Identifying potential leadership talent within your organization is a great strategy for creating capacity for growth in the future. By intentionally growing leaders from within, you raise up leaders who you’ve had time to observe and mentor so you know they align with your culture and values.
In order to raise leaders from within effectively, you need a system that will help identify potential leaders during your interview and hiring process. The two leadership traits that I’ve observed in most good leaders are: Leaders are learners and leaders like to help others succeed.
Erin KnappGrowing Future Leaders – Summit Life Today
“Success comes from taking the initiative and following up… persisting… What simple action could you take today to produce a new momentum toward success in your life?” ~ Anthony Robbins
John Maxwell says that “momentum is a leader’s best friend.” He calls it the “Big Mo.” When you have momentum, it magnifies your accomplishments and makes you appear better than you really are. When you lose momentum however, the opposite is true: It magnifies your weaknesses and causes people to doubt your potential.
Erin KnappMomentum is Your Friend – Summit Life Today
“Accept the challenges, so that you may feel the exhilaration of victory.” ~ General George S. Patton
Teams celebrate victories. Celebration builds momentum and momentum is a leader’s friend. In football, players dance in the end zone and pour Gatorade over coaches. In baseball, team members bump chests at home plate and pile on top of each other next to the pitcher’s mound. Celebration is the release of energy prompted by a great achievement. It is also a great catalyst for generating momentum to face the next big challenge.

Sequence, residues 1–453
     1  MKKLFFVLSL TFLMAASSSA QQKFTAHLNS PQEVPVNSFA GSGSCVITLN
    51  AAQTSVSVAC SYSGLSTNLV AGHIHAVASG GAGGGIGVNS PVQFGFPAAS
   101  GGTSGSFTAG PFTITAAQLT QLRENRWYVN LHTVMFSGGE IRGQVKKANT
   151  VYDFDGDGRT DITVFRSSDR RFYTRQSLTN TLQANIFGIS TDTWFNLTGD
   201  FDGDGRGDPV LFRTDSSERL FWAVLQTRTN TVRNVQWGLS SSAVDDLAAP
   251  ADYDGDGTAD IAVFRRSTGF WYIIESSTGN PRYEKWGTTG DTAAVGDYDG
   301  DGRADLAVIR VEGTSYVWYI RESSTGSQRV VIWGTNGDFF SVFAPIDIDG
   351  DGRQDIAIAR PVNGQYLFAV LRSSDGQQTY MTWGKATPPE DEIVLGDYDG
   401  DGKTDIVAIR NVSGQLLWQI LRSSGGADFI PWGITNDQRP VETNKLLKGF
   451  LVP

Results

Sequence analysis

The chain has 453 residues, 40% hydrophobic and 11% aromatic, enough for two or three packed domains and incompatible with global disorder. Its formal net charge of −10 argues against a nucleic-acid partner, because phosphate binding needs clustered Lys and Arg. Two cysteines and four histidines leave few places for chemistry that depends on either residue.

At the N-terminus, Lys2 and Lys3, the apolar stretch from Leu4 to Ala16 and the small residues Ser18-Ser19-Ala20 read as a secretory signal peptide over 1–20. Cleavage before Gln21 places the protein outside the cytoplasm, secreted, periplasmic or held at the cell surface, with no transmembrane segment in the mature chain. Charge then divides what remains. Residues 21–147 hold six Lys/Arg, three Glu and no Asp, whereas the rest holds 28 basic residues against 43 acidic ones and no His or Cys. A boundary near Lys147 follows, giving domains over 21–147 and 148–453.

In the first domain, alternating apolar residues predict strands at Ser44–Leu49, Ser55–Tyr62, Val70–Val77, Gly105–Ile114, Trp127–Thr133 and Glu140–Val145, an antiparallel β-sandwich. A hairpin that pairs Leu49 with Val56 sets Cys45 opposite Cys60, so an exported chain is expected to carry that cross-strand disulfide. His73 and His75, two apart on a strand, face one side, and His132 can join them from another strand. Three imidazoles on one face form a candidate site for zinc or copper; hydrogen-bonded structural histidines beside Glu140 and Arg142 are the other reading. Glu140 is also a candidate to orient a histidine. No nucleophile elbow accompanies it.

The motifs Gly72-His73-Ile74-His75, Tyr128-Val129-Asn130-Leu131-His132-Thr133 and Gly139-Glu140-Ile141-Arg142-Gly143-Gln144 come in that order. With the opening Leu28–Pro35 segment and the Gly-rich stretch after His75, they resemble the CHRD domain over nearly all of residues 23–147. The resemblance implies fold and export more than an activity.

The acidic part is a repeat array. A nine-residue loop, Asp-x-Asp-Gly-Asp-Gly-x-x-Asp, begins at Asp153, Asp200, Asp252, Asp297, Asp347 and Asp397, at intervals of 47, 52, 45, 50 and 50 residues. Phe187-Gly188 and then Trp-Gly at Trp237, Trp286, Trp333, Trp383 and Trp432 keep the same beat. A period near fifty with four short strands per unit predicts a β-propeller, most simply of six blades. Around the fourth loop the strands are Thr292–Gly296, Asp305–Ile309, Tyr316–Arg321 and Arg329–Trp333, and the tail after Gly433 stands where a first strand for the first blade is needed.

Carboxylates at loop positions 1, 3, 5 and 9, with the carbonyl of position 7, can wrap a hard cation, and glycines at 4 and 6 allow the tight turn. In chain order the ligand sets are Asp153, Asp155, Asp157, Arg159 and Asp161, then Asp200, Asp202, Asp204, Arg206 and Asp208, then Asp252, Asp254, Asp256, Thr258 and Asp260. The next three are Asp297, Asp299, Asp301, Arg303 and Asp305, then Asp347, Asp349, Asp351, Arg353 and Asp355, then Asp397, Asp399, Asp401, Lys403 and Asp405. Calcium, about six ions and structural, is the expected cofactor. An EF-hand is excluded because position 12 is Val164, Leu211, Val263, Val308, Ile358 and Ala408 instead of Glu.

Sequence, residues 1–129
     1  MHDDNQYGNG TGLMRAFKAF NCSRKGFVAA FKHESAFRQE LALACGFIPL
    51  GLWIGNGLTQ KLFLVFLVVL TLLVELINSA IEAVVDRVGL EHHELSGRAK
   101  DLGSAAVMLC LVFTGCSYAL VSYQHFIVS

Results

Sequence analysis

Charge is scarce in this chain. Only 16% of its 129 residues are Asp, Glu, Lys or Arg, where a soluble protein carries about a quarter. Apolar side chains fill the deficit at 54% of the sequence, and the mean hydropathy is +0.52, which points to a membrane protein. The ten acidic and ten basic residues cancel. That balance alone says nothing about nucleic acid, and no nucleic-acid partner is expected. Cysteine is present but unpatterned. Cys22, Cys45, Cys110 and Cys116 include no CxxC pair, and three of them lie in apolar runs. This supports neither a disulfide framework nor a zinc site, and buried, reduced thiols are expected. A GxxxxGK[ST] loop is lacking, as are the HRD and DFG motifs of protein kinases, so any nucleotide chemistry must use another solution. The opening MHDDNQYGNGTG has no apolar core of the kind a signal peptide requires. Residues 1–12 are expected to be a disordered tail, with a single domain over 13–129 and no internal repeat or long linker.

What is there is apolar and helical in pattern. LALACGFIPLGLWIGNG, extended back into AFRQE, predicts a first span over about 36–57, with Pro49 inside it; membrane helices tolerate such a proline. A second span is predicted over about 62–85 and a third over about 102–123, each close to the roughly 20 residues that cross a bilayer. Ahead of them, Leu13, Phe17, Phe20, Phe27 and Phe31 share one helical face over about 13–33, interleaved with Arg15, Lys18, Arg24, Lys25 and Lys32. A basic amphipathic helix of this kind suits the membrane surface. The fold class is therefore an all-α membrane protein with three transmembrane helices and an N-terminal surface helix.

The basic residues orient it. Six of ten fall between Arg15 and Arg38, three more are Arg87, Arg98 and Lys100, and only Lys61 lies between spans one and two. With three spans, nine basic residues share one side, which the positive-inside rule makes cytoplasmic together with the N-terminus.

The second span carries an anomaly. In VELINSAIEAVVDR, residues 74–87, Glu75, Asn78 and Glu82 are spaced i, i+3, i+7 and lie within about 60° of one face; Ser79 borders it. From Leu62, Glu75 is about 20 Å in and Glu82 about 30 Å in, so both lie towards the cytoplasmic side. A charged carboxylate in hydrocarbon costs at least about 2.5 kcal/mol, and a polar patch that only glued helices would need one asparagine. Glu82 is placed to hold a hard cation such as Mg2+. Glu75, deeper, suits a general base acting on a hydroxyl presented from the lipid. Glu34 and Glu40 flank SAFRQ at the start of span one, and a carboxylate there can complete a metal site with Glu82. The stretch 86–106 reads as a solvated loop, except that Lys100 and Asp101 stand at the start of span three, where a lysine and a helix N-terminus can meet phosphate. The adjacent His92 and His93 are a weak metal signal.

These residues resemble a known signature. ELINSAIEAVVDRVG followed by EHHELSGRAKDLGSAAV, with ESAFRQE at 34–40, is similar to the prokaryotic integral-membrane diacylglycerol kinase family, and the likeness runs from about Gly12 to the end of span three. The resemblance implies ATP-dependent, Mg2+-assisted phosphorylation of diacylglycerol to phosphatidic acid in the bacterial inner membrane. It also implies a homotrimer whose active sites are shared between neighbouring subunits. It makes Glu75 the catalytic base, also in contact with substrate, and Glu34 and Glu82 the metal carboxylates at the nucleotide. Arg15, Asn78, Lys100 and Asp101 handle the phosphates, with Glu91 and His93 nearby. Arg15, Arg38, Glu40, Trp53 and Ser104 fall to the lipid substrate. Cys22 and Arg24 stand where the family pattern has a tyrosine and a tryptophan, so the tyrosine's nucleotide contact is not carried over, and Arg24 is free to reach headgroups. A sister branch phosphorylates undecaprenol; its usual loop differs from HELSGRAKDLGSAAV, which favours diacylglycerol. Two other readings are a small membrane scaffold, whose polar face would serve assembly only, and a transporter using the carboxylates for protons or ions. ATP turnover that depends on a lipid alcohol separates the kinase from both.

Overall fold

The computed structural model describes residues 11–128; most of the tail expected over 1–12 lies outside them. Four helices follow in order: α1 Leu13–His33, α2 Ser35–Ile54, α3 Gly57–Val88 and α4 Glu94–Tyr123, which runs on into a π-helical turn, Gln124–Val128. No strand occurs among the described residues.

“Music is an agreeable harmony for the honor of God and the permissible delights of the soul.” ~ Johann Sebastian Bach
Harmony is one of those things you have to have completely or you don’t have at all. I remember when one of my sons was in an elementary school beginner band. We all attended his first concert and let’s just say they were in pursuit of harmony, but it was eluding them. Complete harmony was a little out of reach for their talent and skill level. Achieving harmony is not easy.
The simple idea of all the parts coming together perfectly to make a pleasant sound takes a lot of hard work and practice. The band illustration serves as a musical metaphor for how elusive harmony can be in our relationships as well. We are always better when we are in sync with those around us. We all need to be reading our notes off the same page.
“Setting an example is not the main means of influencing another, it is the only means.” ~ Albert Einstein
Around the time I started school, I learned a very simple schoolyard game called “Follow the Leader.”You may have played it too. The object of the game was to walk around behind the leader and just repeat everything they did. The leader’s goal was to try and do things the followers couldn’t do. Like most schoolyard games, it always ended in one of two ways: by the sound of the bell or with an argument.